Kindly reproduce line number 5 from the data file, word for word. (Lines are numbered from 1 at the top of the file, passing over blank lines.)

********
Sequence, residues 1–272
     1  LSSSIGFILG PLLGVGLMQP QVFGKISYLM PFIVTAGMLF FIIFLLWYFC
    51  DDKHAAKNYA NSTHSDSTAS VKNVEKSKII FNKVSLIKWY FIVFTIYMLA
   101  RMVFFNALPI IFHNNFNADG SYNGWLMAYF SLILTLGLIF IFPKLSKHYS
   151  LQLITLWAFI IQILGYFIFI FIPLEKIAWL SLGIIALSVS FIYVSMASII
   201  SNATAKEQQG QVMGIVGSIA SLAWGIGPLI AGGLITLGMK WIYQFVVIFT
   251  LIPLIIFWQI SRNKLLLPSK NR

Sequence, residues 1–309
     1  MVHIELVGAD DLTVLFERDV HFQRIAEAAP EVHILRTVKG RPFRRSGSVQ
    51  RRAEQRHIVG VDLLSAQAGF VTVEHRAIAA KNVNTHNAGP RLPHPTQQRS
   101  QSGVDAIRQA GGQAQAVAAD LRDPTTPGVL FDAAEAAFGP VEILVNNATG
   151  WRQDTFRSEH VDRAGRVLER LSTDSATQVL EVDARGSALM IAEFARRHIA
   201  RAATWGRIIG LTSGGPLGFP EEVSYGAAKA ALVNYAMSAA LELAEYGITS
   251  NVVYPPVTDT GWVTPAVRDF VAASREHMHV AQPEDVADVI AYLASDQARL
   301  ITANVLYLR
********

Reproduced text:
   151  LQLITLWAFI IQILGYFIFI FIPLEKIAWL SLGIIALSVS FIYVSMASII